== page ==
FAQ Open Data

What is Open Data?

Open Data is data that is accessible to everyone online for free, and which can be used, reused and distributed provided that the data source is attributed. More broadly, the term Open Data applies to the practice of sharing data in the manner described above. Open Data is one of the pillars of Open Science, alongside Open Access to publications, Open Source principles for the creation and availability of software, and others.

Where is Open Data?

Open Data is typically shared through open online repositories. Access restrictions or monetary requirements imposed on the data user are incompatible with Open Data. Registration requirements are sometimes considered incompatible with Open Data as well.

Why is Open Data important?

Sharing data as openly as possible is crucial for two main reasons:

First, data availability guarantees transparency and supports the replicability of studies. Thus, it is part of good scientific practice in line with the Charité Charter on Good Scientific Practice and the DFG Guidelines on the Handling of Research Data.

Second, making data open allows for different analyses, combinations and meta-analyses of data, thus opening up new avenues for scientific exploration.

For these two reasons, a wide range of governments, funders and professional associations support and often require open data practices. This includes EU research funding, where Open Data is the default. Charité and MDC, as well as all three large Berlin universities (HU, FU, TU) have all signed the Berlin Declaration on Open Access to Knowledge in the Sciences and Humanities, which includes a commitment to the importance of sharing research data.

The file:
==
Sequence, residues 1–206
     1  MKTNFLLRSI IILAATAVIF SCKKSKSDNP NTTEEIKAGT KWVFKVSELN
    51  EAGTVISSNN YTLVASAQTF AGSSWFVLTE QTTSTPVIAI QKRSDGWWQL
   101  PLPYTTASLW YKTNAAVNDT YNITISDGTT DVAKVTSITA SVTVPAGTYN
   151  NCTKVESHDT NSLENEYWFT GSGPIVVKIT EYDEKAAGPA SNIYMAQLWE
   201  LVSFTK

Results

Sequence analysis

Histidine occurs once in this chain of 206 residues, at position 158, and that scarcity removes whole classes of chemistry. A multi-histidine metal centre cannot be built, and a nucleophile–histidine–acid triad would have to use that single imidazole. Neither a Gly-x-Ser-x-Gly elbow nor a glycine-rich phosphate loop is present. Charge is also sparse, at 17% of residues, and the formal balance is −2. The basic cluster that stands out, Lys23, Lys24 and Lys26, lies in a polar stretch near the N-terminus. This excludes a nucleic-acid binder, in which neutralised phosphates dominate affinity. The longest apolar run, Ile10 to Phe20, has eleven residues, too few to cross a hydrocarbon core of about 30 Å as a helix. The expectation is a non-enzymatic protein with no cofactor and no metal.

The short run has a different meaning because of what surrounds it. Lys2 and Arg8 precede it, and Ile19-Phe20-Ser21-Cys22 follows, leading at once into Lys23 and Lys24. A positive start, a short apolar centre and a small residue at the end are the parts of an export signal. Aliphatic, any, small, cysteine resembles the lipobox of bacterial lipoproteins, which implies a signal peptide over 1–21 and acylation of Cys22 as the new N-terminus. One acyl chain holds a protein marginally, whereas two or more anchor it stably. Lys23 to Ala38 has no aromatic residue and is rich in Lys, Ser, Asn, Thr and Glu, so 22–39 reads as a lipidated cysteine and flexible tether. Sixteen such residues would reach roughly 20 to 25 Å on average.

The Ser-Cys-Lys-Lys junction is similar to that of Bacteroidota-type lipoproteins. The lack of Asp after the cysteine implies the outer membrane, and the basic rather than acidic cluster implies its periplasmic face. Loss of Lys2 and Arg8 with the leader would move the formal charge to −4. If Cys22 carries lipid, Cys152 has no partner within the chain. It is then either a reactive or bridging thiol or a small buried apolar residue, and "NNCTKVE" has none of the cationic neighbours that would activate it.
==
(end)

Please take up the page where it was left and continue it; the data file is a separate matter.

How might data sharing benefit me?

In addition to benefits for the scientific enterprise overall, as stated in the previous section, data sharing also has advantages for individual researchers. Firstly, studies with corresponding Open Data have been shown to have a citation advantage, at least in the field of genetics where this was studied. Secondly, having the data freely available online provides security in case the data are requested later. Whatever the reason for the request, a later incapability to provide the data would raise doubts about their validity, and in extreme cases might even provoke a retraction. Thirdly, data sharing supports a data structure and annotation which is comprehensible and complete. This can also be highly helpful if oneself is to access the data later. Lastly, in the current environment where data sharing is still the exception, proven openness reflects one’s own commitment to data integrity and transparency.

Which data should I share?